• Triathlon: Sprint Triathlon Race Plan, Beginner: 2.0 to 4.25 hrs/wk, 12-week plan

    Gale Bernhardt

  • $58.45 $64.95

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Triathlon: Sprint Triathlon Race Plan, Beginner: 2.0 to 4.25 hrs/wk

Author: Gale Bernhardt

12 weeks - $64.95 (There is a 10% discount when ordering from Gale Bernhardt’s website.)
Total Hours: 39 

Your athletic profile begins with swimming. You know how to swim, but it has been a long time since your arms and legs have actually propelled your body through water. In other words, you have no swimming endurance. 

As for cycling, you might ride a bicycle now and again, mostly noodling around the neighborhood. On occasion, you might ride a stationary bicycle at the health club while waiting for aerobics to begin or to warm up before weight lifting. As with swimming, you have no real endurance on the bike. 

Finally, running. The running you do is mostly short duration, like running bases in softball, trying to avoid the outfielders. Maybe you chase a ball in racquetball. You might have even run a 5K once. 

So your multisport profile for endurance sports isn't great, but you're not sitting around channel surfing either. This plan assumes you are currently active in sport three to six times per week. The specific sport isn’t as important as the fact you are active doing something. If you aren't currently active and decide to use the plan to get back into shape, be sure to consult a physician before beginning an exercise program. 

One of the most common mistakes made by people just beginning to train for a triathlon, or any other endurance event, is doing too much too soon. Early enthusiasm can lead to injury or overtraining. This plan gently builds aerobic endurance in all three sports and gives specific workouts to do each week. 
This 12-week plan ranges in training volume from about two hours per week to just over four hours per week. The plan goal, and your goal, is to go from a current state of no swimming, minimal cycling, and no running to completing a 450 to 500 meter swim, 11 to 15 mile bike, and about a 3 mile run, consecutively – your first triathlon. 

There is a Supporting Documents section at the bottom of this web page and you will receive your own copy of the documents after purchase. These documents give you additional information to help you get the most from your training. 

Have fun training and racing ~


Q & A

Q – What do I get with a training plan?

 A – After purchase, your plan will be available in your own private online training log account. You will enjoy the following benefits and more:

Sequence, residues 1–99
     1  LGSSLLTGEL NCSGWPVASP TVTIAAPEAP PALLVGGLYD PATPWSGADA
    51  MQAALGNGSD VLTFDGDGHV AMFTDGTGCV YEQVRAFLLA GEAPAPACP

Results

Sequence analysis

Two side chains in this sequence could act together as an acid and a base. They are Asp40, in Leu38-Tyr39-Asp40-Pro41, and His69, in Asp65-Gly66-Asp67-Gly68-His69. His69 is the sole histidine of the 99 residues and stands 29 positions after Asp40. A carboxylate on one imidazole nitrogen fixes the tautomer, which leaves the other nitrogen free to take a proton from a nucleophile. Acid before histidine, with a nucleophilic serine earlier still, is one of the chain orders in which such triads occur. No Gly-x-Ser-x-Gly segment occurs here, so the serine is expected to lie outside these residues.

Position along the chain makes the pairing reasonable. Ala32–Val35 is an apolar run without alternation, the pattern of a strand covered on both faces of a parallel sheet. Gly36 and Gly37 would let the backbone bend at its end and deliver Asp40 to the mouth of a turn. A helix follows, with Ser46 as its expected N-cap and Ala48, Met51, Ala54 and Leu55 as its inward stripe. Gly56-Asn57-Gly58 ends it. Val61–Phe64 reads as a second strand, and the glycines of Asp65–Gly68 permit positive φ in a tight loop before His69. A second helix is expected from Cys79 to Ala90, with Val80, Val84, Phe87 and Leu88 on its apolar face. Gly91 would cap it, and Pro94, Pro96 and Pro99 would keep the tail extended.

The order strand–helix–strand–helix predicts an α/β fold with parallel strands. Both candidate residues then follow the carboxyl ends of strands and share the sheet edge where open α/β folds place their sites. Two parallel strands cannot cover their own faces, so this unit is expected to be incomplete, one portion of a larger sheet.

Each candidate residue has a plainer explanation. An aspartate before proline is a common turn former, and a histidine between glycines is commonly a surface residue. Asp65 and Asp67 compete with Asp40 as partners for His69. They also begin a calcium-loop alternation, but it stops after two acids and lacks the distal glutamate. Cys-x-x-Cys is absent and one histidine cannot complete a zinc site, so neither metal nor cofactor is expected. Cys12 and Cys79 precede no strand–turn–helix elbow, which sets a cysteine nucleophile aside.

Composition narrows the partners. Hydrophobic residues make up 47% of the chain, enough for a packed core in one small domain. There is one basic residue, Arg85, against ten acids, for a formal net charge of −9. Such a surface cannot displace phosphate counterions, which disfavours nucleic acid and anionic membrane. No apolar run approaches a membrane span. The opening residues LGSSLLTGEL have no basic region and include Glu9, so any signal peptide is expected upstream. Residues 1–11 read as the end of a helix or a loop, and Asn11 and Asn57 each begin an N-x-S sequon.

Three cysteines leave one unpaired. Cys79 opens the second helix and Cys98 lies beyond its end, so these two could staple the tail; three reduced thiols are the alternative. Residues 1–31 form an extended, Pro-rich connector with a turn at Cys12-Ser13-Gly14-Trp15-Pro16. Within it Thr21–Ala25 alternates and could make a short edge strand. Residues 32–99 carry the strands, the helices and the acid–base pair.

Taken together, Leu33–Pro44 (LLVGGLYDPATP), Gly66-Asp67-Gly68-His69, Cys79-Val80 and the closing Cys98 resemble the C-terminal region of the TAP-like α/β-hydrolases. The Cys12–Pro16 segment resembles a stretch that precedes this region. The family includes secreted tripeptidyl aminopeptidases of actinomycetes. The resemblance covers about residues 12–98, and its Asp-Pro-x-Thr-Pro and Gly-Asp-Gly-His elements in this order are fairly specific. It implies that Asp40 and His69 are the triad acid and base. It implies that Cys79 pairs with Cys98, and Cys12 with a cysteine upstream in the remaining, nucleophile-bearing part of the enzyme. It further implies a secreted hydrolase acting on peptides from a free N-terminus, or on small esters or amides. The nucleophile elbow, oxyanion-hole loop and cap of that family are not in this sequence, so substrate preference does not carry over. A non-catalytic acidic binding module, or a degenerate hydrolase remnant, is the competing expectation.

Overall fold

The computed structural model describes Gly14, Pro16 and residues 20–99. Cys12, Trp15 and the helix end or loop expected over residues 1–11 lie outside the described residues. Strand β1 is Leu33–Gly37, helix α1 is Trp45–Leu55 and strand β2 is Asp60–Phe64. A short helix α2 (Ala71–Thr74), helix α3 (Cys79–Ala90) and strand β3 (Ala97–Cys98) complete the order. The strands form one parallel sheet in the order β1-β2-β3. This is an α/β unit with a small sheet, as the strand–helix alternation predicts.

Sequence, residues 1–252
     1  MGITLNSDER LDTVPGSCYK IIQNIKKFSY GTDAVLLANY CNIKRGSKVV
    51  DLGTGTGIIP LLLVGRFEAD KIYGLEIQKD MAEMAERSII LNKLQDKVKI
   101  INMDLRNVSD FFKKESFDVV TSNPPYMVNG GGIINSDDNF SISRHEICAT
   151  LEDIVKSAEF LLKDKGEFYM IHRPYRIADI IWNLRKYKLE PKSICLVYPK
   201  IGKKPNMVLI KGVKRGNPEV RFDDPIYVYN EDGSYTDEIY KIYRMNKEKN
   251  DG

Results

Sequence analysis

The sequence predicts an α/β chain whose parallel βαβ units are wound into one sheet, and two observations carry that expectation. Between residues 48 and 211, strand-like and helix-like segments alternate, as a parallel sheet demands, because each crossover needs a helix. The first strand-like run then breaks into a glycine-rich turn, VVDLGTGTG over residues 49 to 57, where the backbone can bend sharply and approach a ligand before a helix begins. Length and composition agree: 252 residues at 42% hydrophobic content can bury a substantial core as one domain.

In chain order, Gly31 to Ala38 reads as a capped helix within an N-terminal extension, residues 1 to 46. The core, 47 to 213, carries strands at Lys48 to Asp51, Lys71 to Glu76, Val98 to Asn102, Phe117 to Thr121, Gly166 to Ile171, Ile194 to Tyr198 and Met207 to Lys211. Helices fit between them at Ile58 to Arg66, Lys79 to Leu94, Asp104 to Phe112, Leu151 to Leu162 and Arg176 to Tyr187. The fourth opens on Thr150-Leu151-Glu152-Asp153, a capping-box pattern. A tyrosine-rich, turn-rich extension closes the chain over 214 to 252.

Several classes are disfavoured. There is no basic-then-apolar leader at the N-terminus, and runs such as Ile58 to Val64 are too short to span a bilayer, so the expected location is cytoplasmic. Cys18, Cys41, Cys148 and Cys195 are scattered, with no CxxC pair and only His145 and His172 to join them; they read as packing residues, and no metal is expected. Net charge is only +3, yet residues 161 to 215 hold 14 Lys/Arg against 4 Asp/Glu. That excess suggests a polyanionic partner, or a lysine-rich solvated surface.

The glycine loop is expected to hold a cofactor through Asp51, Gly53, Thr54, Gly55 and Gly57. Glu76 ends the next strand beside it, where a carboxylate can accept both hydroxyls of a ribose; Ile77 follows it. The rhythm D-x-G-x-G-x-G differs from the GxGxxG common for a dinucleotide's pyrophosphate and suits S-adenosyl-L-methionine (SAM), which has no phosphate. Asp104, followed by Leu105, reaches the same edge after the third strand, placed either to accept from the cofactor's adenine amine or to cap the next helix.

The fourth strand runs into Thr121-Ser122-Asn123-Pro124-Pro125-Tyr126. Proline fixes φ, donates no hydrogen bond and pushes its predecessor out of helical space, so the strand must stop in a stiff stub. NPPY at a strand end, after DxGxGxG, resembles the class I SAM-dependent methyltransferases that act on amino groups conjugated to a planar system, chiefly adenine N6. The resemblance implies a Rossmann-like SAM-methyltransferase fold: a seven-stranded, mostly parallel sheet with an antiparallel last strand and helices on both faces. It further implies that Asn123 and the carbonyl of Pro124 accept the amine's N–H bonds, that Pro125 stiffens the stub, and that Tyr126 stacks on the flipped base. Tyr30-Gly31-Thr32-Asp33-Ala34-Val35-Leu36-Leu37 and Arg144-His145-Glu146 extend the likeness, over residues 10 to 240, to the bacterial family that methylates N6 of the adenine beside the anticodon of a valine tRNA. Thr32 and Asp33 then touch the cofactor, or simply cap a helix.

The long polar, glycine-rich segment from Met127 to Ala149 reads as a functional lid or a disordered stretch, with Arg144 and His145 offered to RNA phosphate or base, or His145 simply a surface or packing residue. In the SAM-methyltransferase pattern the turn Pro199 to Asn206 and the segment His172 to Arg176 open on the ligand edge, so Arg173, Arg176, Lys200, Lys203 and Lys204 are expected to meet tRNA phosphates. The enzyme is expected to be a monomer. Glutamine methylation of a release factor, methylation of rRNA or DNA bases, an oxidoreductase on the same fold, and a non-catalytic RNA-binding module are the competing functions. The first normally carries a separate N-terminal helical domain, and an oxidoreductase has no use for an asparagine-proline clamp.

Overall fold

Daily e-mails with your next workout keep you on track

Create your own routes or search the library of routes for tracking your workouts

Map, graph and share workouts with your friends by e-mail, Facebook and view in Google Maps or Google Earth

Upload workouts from one of more than 80 training devices (Garmin, Suunto, Timex, Polar, more) or easily record your workouts manually

Track your fitness and gain confidence

Complete nutrition tracking to monitor your diet

Get support and answers on a message board specific to your plan and access to more message boards




Q – What if I don’t like the plan once I’ve seen it?

 A – Because discounted plans are offered through this site and a coding system, no refunds are allowed. If you are worried about wanting or needing a refund, you can forego the discount and purchase the plan directly from the TrainingPeaks website. Refunds for training plans are offered for a limited time after purchase. You can find this training plan on that site by following this link.

Sample workouts:

Workout #1 : Day Off

Planned Time: 0:00:00

Workout #2 : Swim

Planned Time: 0:30:00
This plan assumes you can swim down and back (50 meters or yards) in a standard pool. For the rest of the training plan, yards or meters will not be specified and are interchangeable for the purposes of this plan. The first workout is simply swimming 10 x 50 at Zone 1-2 perceived exertion (see the supporting documents for workout intensity explanation), resting about 45 seconds between each 50. You may have to rest a whole minute between each 50 that’s okay. Until we add a warm up and cool down to swimming make the first couple and last couple of 50s very easy. The workout may take some of you less than 30 minutes, that’s fine, get out of the pool when you’re done with the 500 distance of swimming.

Workout #3 : Run

Planned Time: 0:05:00
Run on a flat course - a soft surface would be best (grass, dirt or treadmill) - keeping heart rate in Zone 1.

Workout #4 : Bike

Planned Time: 0:20:00
Ride at mostly Zone 1 intensity on a flat to gently rolling course. The ride should feel easy.

Workout #5 : Run

Planned Time: 0:07:00
This level is used for aerobic maintenance and endurance training. Heart rate should stay primarily in Zones 1 to 2. How much time is spent in each zone depends on how you feel that day. The goal of an E2 run is not to see how much time you can spend in Zone 2. Run a rolling course if possible, with grades up to 4 percent. For reference, most highway off-ramps are 4 percent grades. For those living in vertically deficient cities, changing the grade on a treadmill can simulate hills. If you run with a group, inner discipline is necessary to let the group go if they turn a training run into a race.

Workout #6 : Bike

Planned Time: 0:30:00
Ride at mostly Zone 1 intensity on a flat to gently rolling course. The ride should feel easy.

Workout #7 : Day Off

Planned Time: 0:00:00

Workout #8 : Run

Planned Time: 0:09:00
Run on a flat course - a soft surface would be best (grass, dirt or treadmill) - keeping heart rate in Zone 1.

Workout #9 : Swim

Planned Time: 0:30:00
Swim 10 x 50 at Zone 1-2 intensity and take 30 to 45 seconds of rest between each 50.


Hard copy of this plan is also available in the book Training Plans for Multisport Athletes.